Bill Smith (firstname.lastname@example.org) writes:
To the best of my knowledge, no one has attempted to apply "modern
gull identification techniques" (if there really is such a thing :-) to
Go for it, folks!
Next three, taken 9/17/78 by me. Fully adult plumage and bright pink
legs--this is when I and friends refound the bird (not seen in the
intervening months) and realized based on leg-color that it couldn't be
adult LBBG. These slides were sent to many people who agreed it was not
LBBG. Many felt it was Western Gull,
but few could be certain.
Later other photos were taken by me on 9/19/81. The bird reappears after not
being seen for 3 years! Now armed with all the things people told me I
should have looked for previously (eye-ring color, etc.) I became
convinced that it is Western Gull, and published it in Amer. Birds.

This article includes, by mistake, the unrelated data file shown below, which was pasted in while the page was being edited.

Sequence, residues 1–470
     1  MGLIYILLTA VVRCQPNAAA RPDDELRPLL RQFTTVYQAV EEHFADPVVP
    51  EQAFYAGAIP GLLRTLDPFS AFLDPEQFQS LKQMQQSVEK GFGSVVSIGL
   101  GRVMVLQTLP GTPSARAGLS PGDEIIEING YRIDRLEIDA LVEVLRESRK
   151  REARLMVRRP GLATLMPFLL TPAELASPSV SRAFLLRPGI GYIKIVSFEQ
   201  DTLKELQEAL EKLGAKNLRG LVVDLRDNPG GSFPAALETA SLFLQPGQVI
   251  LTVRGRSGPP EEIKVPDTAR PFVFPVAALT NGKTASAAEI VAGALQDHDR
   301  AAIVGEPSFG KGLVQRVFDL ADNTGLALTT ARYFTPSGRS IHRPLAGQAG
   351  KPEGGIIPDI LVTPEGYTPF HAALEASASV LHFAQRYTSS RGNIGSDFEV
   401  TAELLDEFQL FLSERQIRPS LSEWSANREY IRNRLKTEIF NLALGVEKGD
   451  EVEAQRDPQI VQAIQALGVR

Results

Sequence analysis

Others rejected this idea out of hand and concocted a hybrid GBBG and
LBBG without considering the general lack of breeding range overlap
of those species.
One interesting feature seen in the very first slide (by M. L. Mattis,
1 Nov 77) is that the bird is clearly smaller than typical Herring
Gulls. This pointed toward LBBG originally when leg-color was not
decisive (and when much less info about gull ID was known). Some
rejected Western Gull based on this size. In fact there is a big
variation in Western Gulls-- I have photographed two standing
side-by-side with very different body sizes.